I have a 1D periodic lattice with 'p' components (unit cells). I want to take a discrete Fourier transform in space to get a reciprocal space, where I will have $k$ (reciprocal vector) dependence.

I generate the 1D periodic lattice with "p" components by this MWE:

p = 10;

a = Table[0, {i, 1, p}, {j, 1, p}];

For[i = 1, i <= p, i++,

  For[j = 1, j <= p, j++,
   a[[i, j]] = 
     If[(Abs[i - j] == p - 1 \[Or] 
         Abs[i - j] == 1) \[And] (j <= p \[And] i <= p), 1, 0];


Now, I would like to generate the reciprocal lattice from the above, where each point $a[i] = \sum_{k} e^{ik}\, a[k] $.

reciplatA = Fourier[a, FourierParameters -> {0, 2 \[Pi]/p}]; 

But I don't think I want this form. It is supposed to be a diagonal matrix, which isn't the case. Thus, how can I have some Fourier variable conjugate to the space variables, i.e., $k$ appearing after the transform.
How can we obtain such a form?
Can we extend this to 2D, where we will have two Fourier variables $\{k_1, k_2\}$?

  • $\begingroup$ I think your approach is too complicated. You make a one dim problem artificially 2 dim. I think you should define a 1 dimensional potential (in the simplest case using only 0 and 1' s). It makes things easier, if it is symmetric about the origin. This can then be easily Fourier transformed. For 2 and 3 dim. the same approach will work. $\endgroup$ Commented Mar 1, 2021 at 21:02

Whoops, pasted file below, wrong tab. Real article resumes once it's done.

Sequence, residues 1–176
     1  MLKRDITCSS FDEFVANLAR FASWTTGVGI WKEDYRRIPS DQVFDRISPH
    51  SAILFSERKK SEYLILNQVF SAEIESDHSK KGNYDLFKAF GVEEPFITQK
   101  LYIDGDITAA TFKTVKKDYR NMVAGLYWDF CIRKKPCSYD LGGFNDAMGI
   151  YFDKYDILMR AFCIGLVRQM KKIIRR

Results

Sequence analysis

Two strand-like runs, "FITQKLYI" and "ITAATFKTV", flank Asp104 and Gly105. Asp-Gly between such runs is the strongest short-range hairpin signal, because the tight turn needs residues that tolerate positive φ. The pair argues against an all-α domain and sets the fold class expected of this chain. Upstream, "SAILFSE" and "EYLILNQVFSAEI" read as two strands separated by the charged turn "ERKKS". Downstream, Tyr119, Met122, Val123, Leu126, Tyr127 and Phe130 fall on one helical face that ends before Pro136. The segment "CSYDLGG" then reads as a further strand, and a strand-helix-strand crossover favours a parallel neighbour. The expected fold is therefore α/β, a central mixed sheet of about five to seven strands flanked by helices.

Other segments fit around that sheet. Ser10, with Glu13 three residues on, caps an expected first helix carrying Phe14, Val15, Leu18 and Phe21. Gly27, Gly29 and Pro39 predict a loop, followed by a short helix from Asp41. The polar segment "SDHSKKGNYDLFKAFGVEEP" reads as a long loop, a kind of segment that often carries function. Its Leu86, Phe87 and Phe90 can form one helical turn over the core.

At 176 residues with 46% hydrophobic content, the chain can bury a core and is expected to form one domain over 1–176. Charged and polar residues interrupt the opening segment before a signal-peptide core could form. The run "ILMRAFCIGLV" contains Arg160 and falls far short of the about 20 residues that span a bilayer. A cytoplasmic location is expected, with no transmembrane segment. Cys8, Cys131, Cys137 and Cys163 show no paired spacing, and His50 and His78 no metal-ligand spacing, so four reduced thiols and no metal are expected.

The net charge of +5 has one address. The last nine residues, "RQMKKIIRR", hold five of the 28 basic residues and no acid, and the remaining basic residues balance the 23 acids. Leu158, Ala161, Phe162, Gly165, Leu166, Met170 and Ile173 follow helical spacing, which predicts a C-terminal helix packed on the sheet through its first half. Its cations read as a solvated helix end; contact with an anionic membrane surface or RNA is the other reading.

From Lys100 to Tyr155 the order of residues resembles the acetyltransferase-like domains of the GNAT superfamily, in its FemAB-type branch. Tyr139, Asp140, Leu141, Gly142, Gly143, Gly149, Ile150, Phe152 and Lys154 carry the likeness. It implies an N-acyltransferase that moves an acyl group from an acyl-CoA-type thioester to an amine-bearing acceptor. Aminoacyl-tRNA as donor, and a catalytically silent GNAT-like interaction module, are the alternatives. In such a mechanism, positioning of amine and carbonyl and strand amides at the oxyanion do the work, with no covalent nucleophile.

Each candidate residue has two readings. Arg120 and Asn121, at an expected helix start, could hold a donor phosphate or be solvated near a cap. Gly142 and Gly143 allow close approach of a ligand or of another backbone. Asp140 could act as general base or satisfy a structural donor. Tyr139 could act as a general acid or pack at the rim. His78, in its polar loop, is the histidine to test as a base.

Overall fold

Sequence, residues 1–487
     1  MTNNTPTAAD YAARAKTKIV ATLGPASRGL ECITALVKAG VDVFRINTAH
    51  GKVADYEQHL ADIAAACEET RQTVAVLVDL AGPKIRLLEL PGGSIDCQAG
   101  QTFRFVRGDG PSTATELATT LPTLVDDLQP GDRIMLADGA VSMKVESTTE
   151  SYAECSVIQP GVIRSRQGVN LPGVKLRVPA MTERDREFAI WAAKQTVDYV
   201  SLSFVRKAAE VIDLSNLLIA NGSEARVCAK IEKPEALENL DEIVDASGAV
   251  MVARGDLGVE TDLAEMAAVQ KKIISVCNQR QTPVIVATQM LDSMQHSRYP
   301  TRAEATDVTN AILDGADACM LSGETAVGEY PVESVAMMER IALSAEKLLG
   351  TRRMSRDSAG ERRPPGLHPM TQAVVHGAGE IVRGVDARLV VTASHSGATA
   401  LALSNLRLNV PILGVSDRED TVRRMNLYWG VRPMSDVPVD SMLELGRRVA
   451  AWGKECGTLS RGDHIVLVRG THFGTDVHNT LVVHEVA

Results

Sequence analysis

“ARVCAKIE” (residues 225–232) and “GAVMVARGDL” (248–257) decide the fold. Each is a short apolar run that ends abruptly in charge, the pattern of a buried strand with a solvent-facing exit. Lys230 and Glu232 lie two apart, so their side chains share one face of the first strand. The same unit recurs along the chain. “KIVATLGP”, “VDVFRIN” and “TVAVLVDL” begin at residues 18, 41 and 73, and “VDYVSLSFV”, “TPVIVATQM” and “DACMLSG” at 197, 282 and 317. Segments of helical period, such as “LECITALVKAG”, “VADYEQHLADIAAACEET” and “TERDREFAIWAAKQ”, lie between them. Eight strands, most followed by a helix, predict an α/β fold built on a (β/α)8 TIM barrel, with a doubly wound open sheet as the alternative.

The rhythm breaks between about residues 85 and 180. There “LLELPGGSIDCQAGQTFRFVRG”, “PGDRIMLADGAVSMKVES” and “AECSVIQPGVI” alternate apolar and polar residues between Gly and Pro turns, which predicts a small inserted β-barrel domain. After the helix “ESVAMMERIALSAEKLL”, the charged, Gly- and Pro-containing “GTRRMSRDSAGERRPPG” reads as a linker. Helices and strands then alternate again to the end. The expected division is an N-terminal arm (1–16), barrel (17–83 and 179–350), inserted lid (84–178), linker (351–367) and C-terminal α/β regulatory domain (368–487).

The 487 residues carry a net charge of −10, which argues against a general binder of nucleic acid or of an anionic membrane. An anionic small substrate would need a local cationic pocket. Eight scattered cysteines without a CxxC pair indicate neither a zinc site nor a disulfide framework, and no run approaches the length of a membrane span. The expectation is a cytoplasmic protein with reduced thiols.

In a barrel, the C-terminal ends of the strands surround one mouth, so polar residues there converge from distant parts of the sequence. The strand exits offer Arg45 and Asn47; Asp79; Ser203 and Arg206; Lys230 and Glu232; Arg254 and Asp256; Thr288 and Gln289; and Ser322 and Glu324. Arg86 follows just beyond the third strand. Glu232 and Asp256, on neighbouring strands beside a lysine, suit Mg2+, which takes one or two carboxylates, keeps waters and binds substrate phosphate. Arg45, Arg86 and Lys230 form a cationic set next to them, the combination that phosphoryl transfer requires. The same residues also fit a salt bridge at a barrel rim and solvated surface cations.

• $\begingroup$ @DanielHuber I agree on that ;) Actually my problem is 2D, orginally, that's why you can find traces of 2D in the MWE. How exactly I Fourier transformed? $\endgroup$
    – L.K.
    Commented Mar 2, 2021 at 10:45
  • $\begingroup$ A simpler way to create your a[[i,j]] matrix is probably to use AdjacencyMatrix@CycleGraph@p... as for obtaining the Fourier transform, it's unclear what you actually want, since the formula you quote doesn't make much sense (a is one-dimensional instead of two-dimensional, i is used as an index and also maybe as the imaginary i, etc) $\endgroup$ Commented Mar 2, 2021 at 12:36

1 Answer 1


Here are two most simple examples I can think of. I choose a potential that is periodic and symmetric around the first point in order to get a real FFT.

Note that the output from FFT is a bit confusing. It is a list with coefficients of:{ DC component, increasing positive frequencies, decreasing negative frequencies}. Look it up in the manual or a book.

Here is a 1 dim example with period 10:

d = ConstantArray[0, 100];
Do[d[[i]] = 1, {i, 1, 100, 10}]
fft1 = Fourier[d] // Chop

And here a 2 dim example:

d = ConstantArray[0, {100, 100}];
Do[d[[i, j]] = 1, {i, 1, 100, 10}, {j, 1, 100, 10}];
Fourier[d] // Chop
  • $\begingroup$ My great apologies for being late. Actually, I realized I was not very clear in my question at all. Many thanks for your very valuable input. Let me make the question more clear, perhaps. $\endgroup$
    – L.K.
    Commented Mar 5, 2021 at 10:23

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